2. The expansion plans may be a little risky. The company does have a positive cash flow, but a large

portion of the operating cash flow is already going to capital spending. The company has had to raise capital from creditors and stockholders for its current operations. So, the expansion plans may be too aggressive at this time. On the other hand, companies do need capital to grow. Before investing or loaning the company money, you would want to know where the current capital spending is going, and why the company is spending so much in this area already.

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RATIOS ANALYSIS AT S&S AIR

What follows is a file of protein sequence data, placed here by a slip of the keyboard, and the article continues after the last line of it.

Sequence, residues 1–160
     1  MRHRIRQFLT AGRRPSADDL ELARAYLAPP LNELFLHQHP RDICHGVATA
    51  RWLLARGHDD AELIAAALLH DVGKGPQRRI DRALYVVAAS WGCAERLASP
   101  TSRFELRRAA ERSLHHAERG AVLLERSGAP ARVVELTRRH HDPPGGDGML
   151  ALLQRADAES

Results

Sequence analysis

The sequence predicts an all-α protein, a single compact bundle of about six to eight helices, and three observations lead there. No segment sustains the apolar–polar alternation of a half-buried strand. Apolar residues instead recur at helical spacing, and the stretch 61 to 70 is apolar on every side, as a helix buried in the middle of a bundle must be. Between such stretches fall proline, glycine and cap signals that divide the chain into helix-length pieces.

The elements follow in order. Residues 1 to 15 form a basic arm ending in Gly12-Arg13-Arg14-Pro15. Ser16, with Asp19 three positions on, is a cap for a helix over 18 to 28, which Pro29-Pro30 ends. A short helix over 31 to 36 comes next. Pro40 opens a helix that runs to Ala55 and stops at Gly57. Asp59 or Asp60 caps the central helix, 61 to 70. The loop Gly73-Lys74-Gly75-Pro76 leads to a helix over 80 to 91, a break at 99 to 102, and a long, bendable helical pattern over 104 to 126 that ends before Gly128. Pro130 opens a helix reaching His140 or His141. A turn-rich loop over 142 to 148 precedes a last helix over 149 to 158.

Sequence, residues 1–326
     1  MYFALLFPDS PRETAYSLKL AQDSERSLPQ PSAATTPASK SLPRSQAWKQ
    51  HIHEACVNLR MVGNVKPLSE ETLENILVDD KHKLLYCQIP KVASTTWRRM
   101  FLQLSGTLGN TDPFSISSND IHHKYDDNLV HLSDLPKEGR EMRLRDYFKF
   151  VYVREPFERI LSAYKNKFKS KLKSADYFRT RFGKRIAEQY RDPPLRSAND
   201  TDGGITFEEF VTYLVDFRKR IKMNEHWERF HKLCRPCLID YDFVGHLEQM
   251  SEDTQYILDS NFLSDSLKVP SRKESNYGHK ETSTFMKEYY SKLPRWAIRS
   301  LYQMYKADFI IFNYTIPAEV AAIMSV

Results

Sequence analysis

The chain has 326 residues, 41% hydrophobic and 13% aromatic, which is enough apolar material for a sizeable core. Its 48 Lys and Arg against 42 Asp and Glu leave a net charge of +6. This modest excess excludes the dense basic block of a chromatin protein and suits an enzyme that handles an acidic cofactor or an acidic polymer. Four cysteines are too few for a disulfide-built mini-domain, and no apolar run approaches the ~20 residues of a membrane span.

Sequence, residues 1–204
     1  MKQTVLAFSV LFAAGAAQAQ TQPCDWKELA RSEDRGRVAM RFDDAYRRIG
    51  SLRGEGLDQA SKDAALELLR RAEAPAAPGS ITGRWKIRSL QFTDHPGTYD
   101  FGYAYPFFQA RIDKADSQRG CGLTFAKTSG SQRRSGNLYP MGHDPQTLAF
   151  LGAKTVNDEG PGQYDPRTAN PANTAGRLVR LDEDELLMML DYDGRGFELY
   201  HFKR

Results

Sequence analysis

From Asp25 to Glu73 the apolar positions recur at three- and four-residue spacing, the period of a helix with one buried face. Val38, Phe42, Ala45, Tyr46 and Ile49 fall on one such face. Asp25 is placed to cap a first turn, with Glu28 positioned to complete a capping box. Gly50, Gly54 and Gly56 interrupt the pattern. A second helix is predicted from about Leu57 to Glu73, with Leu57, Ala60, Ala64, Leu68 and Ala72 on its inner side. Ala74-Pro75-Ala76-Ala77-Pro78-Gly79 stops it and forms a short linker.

1. The calculations for the ratios listed are:

Current ratio = $2,186,520 / $2,919,000 Current ratio = 0.75 times

Quick ratio = ($2,186,250 – 1,037,120) / $2,919,000 Quick ratio = 0.39 times

Cash ratio = $441,000 / $2,919,000 Cash ratio = 0.15 times

Total asset turnover = $30,499,420 / $18,308,920 Total asset turnover = 1.67 times

Inventory turnover = $22,224,580 / $1,037,120 Inventory turnover = 21.43 times

Receivables turnover = $30,499,420 / $708,400 Receivables turnover = 43.05 times

Total debt ratio = ($18,308,920 – 10,069,920) / $18,308,920 Total debt ratio = 0.45 times

Debt-equity ratio = ($2,919,000 + 5,320,000) / $10,069,920 Debt-equity ratio = 0.82 times

Equity multiplier = $18,308,920 / $10,069,920 Equity multiplier = 1.82 times

Times interest earned = $3,040,660 / $478,240 Times interest earned = 6.36 times

Cash coverage = ($3,040,660 + 1,366,680) / $478,420 Cash coverage = 9.22 times

Profit margin = $1,537,452 / $30,499,420 Profit margin = 5.04%